This is how we define success, and then what you’re actually saying is you stopped that. You went out there. You made a major change. And you went back to working, what we would consider kind of back to working at a front desk, in order to work your way up in a new career path, but you loved every moment of it. You saw joy on the faces of these people that you’re working with, and what I’m hearing, and I’m watching your face because I can see you as we’re recording this, and when you were talking about your career in finance, everything looked fine and normal, and then your face just lit up when you started talking about this career shift. So I have to just restate the obvious so that our listeners can hear because I know so many people who feel stuck or feel trapped in whatever job or career path they’re in, and you don’t have to be!

JH:

I just have to restate that because Shana, this is amazing to hear how you made that decision, and you just immediately started feeling more fulfilled.

AF:

And I also loved that you were not so caught up in your ego, that you couldn’t work the front desk. That you couldn’t learn from the bottom, up. I know that I have thought about totally changing my life, and becoming like a dog trainer or something like that, and then I think, there’s no way I’m giving up my paycheck. There’s no way I’m going to be a newbie so that’s really impressive, I think, to not only make a complete shift, but be able to look in the mirror and be like, “Get over yourself. This is what we have to do to get to the next stage.” Which is joyful, and you can find joy without being the top dog in the company. That’s awesome.

SS:

Can I tell you, I’m sorry to interrupt you there, so what I would like to say Audrea with that is in talking about starting from the bottom up, what was really interesting, I should say, about that is in that position, starting at the front desk, I had to do manual labor. I had to sweep outside. How humbling that experience was for me, and it didn’t bother me. That’s where I knew I was in the right spot because it didn’t bother me. I wasn’t like I’m sweeping the floor outside. You know. We had a store front, and that was part of what we had to do. Manage the finances, and other odds and ends, but I was very humbled by that experience, and I enjoyed it.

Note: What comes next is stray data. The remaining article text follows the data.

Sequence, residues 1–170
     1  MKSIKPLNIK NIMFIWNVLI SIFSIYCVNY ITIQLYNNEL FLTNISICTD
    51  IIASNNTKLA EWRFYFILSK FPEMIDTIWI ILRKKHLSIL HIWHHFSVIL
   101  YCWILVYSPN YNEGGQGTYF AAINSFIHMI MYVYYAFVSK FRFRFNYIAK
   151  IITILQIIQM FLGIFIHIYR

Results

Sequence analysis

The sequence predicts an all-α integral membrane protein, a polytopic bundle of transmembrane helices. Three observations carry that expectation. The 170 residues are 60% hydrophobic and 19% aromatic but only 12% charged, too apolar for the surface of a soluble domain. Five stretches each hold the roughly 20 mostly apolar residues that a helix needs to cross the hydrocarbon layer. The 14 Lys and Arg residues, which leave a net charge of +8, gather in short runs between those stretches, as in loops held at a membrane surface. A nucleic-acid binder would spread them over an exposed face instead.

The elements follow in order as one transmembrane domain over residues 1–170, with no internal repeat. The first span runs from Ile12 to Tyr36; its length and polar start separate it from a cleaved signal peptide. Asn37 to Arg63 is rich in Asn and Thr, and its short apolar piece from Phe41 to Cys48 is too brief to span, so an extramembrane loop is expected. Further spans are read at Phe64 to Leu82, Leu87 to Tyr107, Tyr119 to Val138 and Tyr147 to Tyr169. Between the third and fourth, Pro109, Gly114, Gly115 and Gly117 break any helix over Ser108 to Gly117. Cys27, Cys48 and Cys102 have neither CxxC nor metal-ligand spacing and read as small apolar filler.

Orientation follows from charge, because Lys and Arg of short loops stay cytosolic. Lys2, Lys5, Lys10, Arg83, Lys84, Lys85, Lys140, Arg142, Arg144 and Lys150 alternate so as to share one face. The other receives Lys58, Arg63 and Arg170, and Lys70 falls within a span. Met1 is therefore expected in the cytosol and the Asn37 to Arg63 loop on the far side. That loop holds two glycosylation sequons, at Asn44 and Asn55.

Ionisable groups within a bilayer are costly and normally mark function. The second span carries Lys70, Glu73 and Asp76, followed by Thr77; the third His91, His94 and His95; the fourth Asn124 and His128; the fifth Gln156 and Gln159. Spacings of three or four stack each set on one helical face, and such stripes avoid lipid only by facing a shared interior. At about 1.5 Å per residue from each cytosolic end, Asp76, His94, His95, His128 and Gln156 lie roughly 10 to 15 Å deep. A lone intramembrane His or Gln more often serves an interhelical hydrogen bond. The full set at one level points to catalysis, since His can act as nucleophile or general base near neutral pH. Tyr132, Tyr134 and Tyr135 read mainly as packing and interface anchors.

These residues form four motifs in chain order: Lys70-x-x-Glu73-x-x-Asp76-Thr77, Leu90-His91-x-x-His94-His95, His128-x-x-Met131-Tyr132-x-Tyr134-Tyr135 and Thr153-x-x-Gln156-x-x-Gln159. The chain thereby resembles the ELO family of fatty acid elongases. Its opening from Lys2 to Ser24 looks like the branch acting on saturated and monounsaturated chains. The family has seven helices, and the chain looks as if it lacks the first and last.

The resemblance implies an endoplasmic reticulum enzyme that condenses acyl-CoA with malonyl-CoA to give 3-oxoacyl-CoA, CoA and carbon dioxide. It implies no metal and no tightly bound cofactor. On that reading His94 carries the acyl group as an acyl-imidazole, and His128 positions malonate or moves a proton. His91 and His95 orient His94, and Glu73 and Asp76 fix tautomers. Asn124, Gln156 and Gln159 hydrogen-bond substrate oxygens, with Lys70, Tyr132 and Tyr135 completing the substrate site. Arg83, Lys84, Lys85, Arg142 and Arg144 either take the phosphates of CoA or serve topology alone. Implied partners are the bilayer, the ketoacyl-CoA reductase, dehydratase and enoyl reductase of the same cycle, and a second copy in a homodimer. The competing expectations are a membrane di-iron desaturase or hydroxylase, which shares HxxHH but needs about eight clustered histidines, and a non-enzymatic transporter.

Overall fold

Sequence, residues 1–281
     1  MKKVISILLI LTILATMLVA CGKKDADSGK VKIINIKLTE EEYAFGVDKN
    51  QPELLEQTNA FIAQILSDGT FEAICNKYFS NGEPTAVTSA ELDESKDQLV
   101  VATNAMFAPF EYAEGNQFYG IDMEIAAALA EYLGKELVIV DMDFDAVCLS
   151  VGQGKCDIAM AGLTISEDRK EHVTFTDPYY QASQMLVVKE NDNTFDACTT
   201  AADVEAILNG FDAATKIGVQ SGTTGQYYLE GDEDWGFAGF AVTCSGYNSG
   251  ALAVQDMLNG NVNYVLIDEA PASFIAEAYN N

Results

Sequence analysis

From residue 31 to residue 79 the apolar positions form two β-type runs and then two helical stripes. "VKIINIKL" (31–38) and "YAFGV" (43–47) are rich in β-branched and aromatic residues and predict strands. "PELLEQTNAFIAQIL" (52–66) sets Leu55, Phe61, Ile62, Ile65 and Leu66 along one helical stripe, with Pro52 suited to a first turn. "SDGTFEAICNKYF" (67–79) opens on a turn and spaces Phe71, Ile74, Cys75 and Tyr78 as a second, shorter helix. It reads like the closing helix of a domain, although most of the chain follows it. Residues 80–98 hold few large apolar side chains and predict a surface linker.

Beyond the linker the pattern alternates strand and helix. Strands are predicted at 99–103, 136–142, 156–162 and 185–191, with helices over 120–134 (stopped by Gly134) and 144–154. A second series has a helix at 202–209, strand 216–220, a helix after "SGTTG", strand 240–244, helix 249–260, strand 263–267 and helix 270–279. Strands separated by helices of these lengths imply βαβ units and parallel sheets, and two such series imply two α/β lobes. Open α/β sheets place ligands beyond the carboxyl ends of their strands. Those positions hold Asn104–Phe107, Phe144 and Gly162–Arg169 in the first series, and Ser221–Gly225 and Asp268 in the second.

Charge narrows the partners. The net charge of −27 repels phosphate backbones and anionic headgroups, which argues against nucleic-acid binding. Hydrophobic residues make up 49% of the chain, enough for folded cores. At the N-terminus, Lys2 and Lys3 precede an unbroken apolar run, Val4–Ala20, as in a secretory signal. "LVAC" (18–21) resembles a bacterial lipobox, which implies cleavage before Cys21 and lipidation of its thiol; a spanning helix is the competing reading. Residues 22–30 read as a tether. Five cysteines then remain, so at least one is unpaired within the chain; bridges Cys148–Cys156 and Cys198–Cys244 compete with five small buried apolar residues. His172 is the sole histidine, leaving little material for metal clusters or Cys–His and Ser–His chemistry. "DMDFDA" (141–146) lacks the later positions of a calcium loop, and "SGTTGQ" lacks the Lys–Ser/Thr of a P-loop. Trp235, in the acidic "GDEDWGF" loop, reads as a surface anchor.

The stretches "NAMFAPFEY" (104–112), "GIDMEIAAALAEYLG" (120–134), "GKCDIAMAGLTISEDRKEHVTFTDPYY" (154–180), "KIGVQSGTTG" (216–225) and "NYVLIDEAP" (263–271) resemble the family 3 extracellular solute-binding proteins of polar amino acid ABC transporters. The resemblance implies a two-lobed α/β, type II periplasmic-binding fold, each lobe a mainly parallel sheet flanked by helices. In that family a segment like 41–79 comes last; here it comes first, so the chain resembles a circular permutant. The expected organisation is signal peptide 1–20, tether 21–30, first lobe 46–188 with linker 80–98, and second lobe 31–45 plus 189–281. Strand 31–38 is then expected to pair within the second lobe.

SS:

If I talked to my boss to this day, I still keep in contact with her. It was pure joy.

AF:

That’s awesome.

RCK:

Where is your career now, with regards to self care? Are you still doing that on the professional front or have you made another turn?

SS:

Kind of made another turn when the kids came along.

RCK:

So you made the decision for your kids, to step out of it, as a “career.” So then now you need to keep the balance in your life. How do you do that?

SS:

Well I think one thing is that with self care or balance, there are no rules. What my self care looked like when my boys were first born, because I have twins, is totally different than what it looks like now, at the age of nine. There is, I think, value in just knowing our inner self, and finding out what makes you happy. Listening to yourself. Maybe stop and taking the time to do that because for me, it could have been taking a nap every day. I need a nap. These kids are wearing me out or I need to go to bed at 10:30. Yes, I like to watch TV at night because that’s the only time I can watch television or catch up on a show, but maybe sleep is more important or drinking more water.